How does Steinbeck's detached point of view in "The Harvest Gypsies" help you understand the plight of migrant farm workers living in California during the Great Depression?
In John Steinbeck's series of articles for The San Francisco News, "The Harvest Gypsies," there is a tone of detachment that is also evident in his fiction. This tone of detachment shows that Steinbeck was a writer who believed in realism. Steinbeck's background in journalism shaped his writing style in fiction. One can interpret The Grapes of Wrath, one of Steinbeck's most well-known and critically-acclaimed novels, as a form of documentary about the lives of farmers in Depression-era Oklahoma and California.
However, "The Harvest Gypsies," is an actual journalist work and captured the socioeconomic issues of the time in great detail. In particular, the series documented the lives and issues of migrant workers in the Central Valley and Lower Colorado River Valley regions of California.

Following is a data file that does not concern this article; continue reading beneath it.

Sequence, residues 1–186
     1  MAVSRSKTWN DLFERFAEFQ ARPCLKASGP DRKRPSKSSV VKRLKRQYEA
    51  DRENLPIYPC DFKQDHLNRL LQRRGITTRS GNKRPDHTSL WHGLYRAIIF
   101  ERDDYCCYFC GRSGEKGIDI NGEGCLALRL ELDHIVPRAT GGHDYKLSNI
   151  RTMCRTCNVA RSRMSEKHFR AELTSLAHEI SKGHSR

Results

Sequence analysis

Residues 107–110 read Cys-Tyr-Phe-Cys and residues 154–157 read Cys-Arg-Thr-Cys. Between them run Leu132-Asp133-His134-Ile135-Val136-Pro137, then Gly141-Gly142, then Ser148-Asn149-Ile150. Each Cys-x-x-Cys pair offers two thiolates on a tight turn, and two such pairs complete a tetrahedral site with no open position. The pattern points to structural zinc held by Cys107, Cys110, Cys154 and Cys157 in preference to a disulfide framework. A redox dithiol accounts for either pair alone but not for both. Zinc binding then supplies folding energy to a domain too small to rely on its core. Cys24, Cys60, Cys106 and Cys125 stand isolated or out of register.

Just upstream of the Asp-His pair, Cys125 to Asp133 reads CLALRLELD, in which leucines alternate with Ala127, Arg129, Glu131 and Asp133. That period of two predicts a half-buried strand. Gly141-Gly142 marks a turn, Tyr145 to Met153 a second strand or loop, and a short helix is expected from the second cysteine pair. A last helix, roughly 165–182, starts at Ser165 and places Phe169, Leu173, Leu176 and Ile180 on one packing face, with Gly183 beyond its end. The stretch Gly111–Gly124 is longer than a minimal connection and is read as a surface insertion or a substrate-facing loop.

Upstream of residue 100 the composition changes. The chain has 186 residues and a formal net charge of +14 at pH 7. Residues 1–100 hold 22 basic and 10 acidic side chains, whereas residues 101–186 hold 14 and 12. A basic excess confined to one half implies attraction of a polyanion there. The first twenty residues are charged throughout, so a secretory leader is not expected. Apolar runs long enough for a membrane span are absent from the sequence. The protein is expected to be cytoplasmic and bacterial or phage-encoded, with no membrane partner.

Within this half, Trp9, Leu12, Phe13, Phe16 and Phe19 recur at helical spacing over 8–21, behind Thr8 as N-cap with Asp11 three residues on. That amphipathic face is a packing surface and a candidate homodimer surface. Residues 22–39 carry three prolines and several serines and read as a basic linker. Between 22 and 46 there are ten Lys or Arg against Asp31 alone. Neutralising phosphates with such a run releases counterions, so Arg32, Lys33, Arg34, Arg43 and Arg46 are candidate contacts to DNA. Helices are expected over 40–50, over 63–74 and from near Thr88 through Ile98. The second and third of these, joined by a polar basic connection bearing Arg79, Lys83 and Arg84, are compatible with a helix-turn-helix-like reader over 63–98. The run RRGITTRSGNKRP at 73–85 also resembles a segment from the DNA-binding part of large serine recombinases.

As a reporter, Steinbeck's tone and style in writing the series allows the readers to sympathize with the migrants' plight while also gaining then-new information about the effects of the Great Depression. Steinbeck did not write the series in a dramatic style—as it was a work of journalism—and did not portray the migrants as victims of economic crises.
Instead, he portrayed the migrants realistically, without embellishment, and allowed his subjects to tell the stories themselves. In this sense, Steinbeck is similar to an ethnographer or interpreter. He simply recorded their personal narratives, and it was up to the newspaper readers to come up with their own conclusions.
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